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How to become a sales monolith – without tearing your company apart

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There is an endless number of sales tactics and techniques that make money fast. Some will hurt you in the long run in ways that aren’t always easy to recognize in real time. But some generate sales that in turn create loyal customers.

 

How to be a perfect salesperson is a huge cliché, almost like a get-rich-quick scheme or a plan to generate passive income through online marketing in just 7 minutes each day. Social media is full of experts, advisors, mentors, coaches and others with big titles who teach different marketing and sales methods, give tips in exchange for your private information and promise the world for zero effort. It’s all for a bargain, of course, and may not even require you to leave the house. Instead you can take a digital course or participate in an hour-long workshop and you’ll start making sales like the Wolf of Wall Street. It’s so simple and easy that within that hour you might also manage to give up smoking or lose 30 pounds in two heartbeats.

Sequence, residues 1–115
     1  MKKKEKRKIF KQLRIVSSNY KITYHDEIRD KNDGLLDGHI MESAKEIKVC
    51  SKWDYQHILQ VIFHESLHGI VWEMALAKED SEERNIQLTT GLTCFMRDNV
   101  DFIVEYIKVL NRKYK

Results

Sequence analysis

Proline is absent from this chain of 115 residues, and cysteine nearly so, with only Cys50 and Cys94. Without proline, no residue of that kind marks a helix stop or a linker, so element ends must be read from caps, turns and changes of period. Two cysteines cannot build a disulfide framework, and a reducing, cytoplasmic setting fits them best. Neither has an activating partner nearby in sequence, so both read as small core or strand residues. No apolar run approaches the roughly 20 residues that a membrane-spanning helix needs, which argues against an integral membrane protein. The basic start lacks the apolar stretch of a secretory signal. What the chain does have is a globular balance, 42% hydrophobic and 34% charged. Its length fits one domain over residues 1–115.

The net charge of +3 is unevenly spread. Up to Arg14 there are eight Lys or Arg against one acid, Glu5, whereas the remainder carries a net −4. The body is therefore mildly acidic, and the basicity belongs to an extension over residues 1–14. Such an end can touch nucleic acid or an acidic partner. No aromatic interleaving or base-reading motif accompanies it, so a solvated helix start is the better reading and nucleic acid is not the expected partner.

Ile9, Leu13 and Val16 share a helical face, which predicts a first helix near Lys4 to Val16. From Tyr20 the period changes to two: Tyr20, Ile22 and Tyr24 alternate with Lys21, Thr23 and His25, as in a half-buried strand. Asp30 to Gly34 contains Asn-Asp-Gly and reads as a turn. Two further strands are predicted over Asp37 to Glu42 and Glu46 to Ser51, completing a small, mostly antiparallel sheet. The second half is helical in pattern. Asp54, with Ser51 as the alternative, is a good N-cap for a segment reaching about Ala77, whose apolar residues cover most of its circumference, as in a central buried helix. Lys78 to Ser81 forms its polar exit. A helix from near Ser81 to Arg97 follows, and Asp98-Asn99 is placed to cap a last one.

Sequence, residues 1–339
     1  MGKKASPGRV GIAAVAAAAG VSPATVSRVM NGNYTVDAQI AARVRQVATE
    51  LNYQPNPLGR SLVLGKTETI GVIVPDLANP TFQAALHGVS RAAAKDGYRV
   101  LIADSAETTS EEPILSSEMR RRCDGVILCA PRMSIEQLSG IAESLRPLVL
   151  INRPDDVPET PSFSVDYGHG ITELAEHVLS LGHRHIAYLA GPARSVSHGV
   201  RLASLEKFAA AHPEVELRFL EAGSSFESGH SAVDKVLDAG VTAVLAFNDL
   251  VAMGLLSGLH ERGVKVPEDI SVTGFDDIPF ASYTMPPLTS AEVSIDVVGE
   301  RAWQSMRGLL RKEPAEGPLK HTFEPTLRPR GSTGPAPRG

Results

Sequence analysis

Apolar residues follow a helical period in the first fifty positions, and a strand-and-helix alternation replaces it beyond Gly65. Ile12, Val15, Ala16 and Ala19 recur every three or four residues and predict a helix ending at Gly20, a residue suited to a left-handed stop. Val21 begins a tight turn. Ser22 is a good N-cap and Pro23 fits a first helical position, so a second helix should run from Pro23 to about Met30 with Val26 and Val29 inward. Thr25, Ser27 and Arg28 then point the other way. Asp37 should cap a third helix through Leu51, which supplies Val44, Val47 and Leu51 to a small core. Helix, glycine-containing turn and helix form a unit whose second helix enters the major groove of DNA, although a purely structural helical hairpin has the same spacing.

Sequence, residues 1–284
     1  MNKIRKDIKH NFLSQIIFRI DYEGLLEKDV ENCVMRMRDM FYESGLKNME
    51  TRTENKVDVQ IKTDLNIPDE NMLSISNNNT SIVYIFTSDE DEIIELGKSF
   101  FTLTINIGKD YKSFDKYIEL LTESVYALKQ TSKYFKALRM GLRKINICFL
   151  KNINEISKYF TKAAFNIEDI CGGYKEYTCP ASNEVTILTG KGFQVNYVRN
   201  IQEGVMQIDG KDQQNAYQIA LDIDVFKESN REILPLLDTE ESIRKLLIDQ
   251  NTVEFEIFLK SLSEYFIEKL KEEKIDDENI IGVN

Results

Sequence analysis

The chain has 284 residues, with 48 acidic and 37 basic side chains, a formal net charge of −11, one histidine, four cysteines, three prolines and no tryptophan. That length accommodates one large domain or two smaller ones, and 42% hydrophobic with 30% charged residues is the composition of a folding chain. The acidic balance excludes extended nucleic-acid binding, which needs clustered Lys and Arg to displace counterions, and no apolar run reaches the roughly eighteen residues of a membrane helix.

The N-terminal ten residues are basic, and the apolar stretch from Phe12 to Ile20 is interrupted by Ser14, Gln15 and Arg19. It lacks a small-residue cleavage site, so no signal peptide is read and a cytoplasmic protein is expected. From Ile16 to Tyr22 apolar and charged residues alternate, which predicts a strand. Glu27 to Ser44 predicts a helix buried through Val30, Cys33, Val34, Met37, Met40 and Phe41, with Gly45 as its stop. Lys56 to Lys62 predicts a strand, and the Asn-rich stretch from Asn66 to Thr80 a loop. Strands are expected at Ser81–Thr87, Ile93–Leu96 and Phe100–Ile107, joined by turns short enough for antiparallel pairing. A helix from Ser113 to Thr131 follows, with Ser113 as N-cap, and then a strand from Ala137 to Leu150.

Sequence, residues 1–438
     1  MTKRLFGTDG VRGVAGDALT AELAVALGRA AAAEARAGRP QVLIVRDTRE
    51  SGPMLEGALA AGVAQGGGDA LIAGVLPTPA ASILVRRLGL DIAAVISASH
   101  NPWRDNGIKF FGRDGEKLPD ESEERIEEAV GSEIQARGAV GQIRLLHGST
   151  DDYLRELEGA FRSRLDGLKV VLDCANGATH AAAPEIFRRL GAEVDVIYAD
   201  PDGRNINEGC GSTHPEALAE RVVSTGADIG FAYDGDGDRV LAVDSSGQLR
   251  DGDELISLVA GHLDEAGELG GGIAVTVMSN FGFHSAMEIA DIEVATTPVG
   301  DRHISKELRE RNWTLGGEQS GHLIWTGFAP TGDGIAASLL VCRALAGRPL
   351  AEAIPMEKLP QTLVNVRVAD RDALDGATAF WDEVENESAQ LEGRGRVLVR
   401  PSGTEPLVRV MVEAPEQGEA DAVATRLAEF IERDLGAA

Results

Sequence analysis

Slow destruction beneath the surface

Let’s say you’ve launched a solid sales campaign. At first, the numbers look great, but after some time the campaign starts to die down. You update the ads, refresh the audience – and nothing. We call this “burning the audience”. This usually happens when you focus on sales-oriented messages only without investing in the rest of the process or even worse, when the product you provide doesn’t live up to what you promised.

To get things right, there are two important aspects that every brand needs to internalize if it wants to succeed in the long term: how to sell in the way that’s best for you and, no less important, when to do it.

Long-term sales